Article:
This is the latest of the high-end art books from Rizzoli that focus on style and culture in areas you might not have thought about.  This full-color hardcover with a textured leather shoe feel–and a book mark that is really a yellow shoe string–has photographs representing the spectrum of designer sneaker collaborations with a key focus on the 21st century.  Shoe companies have partnered with all sorts of “personalities of the week” to advertise, market and even influence the evolution of sneakers going back to the very first examples of the modern athletic shoe.  You can search your favorite shoe manufacturer right now on Amazon with the word “Collab” and find the latest combination of celebrity–usually the latest pop music icon or athlete, but sometimes including social media influencers, too–and shoe manufacturer that partnered with them because together they believed they had the right fit.

Concept artwork for the Pyer Moss x Reebok, DMX Daytona Experiment 2.

It begins with a smart foreword that sets up the background for anyone not familiar with this mash-up of two worlds by rapper Jacques Slade.  Author Elizabeth Semmelbeck takes readers back to the beginning, with shoe innovations conceived by Adi and Rudi Dassler, Josef Waitzer, Jack Purcell, Robert Haillet, Stan Smith, and Chuck Taylor.  She documents Walt Disney, Run-DMC, Chanel, Jay-Z, Pharrell Williams, Eminem, 50 Cent, Wu-Tang Clan, Rihanna, and dozens of other shoe and artists “collabs” in the book’s 256 pages.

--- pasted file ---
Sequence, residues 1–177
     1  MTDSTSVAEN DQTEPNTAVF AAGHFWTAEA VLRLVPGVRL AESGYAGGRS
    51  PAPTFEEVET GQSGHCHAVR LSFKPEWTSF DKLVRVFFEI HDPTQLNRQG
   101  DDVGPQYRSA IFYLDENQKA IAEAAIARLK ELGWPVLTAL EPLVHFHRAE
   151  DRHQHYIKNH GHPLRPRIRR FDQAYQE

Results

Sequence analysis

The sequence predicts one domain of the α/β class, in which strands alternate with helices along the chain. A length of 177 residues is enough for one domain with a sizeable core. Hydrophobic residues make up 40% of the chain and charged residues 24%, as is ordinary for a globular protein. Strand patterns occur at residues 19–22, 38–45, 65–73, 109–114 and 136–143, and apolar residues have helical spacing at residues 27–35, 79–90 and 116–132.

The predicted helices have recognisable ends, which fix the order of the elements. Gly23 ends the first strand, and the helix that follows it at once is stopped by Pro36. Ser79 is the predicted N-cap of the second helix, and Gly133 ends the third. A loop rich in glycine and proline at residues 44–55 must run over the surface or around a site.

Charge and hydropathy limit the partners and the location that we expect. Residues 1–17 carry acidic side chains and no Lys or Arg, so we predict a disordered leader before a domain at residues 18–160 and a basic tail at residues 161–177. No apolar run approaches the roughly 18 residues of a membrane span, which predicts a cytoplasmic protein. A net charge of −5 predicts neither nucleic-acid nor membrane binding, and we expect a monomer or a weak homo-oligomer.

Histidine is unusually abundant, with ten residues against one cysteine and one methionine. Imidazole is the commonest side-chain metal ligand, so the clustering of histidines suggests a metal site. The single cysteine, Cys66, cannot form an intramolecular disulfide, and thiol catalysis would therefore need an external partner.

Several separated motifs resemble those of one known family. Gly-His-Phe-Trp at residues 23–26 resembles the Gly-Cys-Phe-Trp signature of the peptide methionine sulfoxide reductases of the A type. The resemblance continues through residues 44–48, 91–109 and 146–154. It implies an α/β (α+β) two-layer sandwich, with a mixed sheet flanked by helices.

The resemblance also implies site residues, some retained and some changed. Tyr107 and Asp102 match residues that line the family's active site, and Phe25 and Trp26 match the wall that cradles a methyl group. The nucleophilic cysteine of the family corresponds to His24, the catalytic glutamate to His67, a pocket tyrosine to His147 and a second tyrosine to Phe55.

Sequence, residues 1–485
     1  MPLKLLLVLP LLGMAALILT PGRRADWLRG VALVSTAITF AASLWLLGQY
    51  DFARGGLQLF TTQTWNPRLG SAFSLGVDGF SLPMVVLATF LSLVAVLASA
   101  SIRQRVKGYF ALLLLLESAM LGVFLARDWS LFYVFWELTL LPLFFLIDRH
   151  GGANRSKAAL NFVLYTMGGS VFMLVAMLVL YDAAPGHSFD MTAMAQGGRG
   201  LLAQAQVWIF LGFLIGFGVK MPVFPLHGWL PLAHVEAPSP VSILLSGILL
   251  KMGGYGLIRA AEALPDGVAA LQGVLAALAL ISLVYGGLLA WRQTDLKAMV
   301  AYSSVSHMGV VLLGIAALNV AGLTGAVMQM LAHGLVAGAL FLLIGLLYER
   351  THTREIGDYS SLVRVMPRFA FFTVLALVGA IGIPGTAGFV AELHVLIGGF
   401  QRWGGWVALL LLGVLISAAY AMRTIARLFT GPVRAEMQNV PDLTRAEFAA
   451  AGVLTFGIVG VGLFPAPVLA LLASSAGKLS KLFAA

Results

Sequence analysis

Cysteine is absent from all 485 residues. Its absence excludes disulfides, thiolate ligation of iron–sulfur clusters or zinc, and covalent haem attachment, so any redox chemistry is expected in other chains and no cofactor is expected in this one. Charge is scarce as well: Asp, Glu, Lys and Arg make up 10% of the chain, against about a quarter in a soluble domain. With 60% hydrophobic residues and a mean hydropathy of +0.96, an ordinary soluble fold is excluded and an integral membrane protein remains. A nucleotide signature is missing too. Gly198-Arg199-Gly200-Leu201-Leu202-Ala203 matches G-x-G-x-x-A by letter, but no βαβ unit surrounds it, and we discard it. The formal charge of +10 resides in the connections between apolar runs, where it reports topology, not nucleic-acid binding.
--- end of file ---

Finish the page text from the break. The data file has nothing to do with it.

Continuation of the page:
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Cross-promotional marketing is nothing new, whether it’s a tie-in of Coca-Cola and Sony, Pepsi and Michael Jackson’s tour, or a national baseball team and the city’s grocery store chain, we are bombarded everywhere we go with not only that special product we didn’t know we needed, but also that seemingly unrelated product that some marketing whiz decided we also need.

Back in the late 1970s and 1980s it seemed like there was a constant battle for the best tie-in promotion between McDonald’s and Burger King.  For a while, the Star Wars franchise was tied into Burger King, introducing a giant size sticker folder, numerous trading cards (you’d need to cut out yourself), and probably the best drinking glasses anyone ever stamped a movie image on, for Star Wars, The Empire Strikes Back, and Return of the Jedi

And they were made from actual glass no less.  They even brought the glass concept back in 2009 with the new Star Trek movie.

E.T. the Extraterrestrial (which also had glasses as giveaways at Pizza Hut) made waves by altering its own original story and tying Reese’s Pieces into the actual storyline instead of M&Ms.  At the opening night of the movie I remember everyone was given a free pack, totally taking you along with Elliot on his garage encounter with our new alien friend.  I don’t recall hearing of Reese’s Pieces before E.T.  The M&M guys blew an opportunity there no doubt.